Is it normal to hate your husband after having a baby?

“I hate you.” It’s a strong phrase loaded with harsh feelings. Yes, sometimes we say it flippantly like “I hate my hair” or “I hate when people try to tell me how to raise my kids” – wait, no, we actually hate that.

Is it normal to not like your husband after having a baby?

Two thirds of parents are less satisfied with their marriage after having a baby, according to a widely-cited 2011 study by famous couples’ therapists, John and Julie Gottman. In fact, it’s so common, that a lot of people think it’s inevitable and acceptable, John Gottman told the American Psychological Association.

Why do I hate my partner after having a baby?

Part of the problem is that you’re tired and have so much less time to spend with your partner than you did before the baby arrived. It’s a lot harder to go out together and enjoy the things you used to do. Your partner may feel left out, and you may resent what you see as a lack of support.

How can I satisfy my husband after giving birth?

If you can’t find someone to look after your baby, take him for a walk in the pram while you talk, or have a meal together once he’s asleep. There are many ways of giving and receiving sexual pleasure. Think about sex as the end point, rather than the beginning. Start with simple things like holding hands and cuddling.

THIS IS INTERESTING:  How long after whooping cough vaccine can I see a baby?

Do couples fight more after a baby?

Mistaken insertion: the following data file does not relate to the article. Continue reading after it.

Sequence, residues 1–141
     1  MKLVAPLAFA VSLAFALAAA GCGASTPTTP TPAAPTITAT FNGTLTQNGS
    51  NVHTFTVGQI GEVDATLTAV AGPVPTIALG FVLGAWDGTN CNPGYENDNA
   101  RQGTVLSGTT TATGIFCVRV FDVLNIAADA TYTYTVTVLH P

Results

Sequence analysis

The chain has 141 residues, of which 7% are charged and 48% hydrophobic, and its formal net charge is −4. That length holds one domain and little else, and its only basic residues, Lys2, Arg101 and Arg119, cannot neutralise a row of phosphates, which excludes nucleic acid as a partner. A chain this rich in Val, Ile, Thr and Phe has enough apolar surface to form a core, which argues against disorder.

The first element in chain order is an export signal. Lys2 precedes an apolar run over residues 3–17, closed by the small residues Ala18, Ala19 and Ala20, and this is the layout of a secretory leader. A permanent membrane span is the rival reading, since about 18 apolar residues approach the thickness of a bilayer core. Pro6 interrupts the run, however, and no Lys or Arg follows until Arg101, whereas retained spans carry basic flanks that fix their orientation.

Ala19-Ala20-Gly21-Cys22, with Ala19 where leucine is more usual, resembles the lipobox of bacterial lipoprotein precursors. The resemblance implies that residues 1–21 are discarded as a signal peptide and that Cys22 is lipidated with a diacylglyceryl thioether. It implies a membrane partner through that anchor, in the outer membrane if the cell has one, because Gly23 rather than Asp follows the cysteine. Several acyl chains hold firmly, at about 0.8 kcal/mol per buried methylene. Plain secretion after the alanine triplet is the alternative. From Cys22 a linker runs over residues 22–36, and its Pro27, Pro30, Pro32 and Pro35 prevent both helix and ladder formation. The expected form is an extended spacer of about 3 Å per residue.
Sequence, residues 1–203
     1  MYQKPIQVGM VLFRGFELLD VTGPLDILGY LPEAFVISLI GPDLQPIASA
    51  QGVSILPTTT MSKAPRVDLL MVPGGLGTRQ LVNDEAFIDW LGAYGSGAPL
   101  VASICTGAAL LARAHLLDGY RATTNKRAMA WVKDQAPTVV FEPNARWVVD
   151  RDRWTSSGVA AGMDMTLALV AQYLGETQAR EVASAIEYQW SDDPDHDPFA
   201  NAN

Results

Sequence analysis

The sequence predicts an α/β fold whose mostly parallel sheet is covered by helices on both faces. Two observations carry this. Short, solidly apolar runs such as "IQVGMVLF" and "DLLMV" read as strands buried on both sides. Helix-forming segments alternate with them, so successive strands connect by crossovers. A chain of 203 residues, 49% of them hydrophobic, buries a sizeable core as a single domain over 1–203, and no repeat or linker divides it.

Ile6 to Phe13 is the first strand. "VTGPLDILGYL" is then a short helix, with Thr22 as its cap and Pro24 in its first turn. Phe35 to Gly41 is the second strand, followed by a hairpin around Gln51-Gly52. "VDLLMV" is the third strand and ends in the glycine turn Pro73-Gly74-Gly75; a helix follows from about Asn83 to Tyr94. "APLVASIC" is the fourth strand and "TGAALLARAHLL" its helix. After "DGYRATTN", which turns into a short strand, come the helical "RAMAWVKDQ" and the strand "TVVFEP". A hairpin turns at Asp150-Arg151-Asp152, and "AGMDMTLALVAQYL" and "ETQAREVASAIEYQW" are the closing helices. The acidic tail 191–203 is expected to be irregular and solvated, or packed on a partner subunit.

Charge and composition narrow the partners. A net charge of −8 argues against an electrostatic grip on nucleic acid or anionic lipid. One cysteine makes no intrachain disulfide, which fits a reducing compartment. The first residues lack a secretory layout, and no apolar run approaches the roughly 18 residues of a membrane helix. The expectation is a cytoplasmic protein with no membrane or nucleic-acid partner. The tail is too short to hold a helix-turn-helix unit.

It’s very common for couples to argue more after the arrival of a new baby. Research shows that first-time parents argue on average 40% more after their child is born. It’s no surprise, really: you’re under more pressure, have less free time and are getting less sleep than usual.

Who comes first child or husband?

1. “My husband must always come before our children.” A spouse’s needs should not come first because your spouse is an adult, capable of meeting his or her own needs, whereas a child is completely dependent upon you to meet their needs.

Is it normal to hate your life after having a baby?

1 in 7 new mothers will experience a postpartum mood disorder, and sometimes that depression and anxiety may be because of the event and day to day life of being a mom not “living up to the hype.” A lot of mothers struggle and don’t talk about it due to embarrassment and shame.

What kills a relationship faster?

1. Blame and shame. Aside from all-out abusive behavior, blaming and shaming may be the fastest way to kill your connection. Both behaviors communicate contempt for your partner, displaying that you view him or her as beneath you or deserving of scorn.

Mom's sun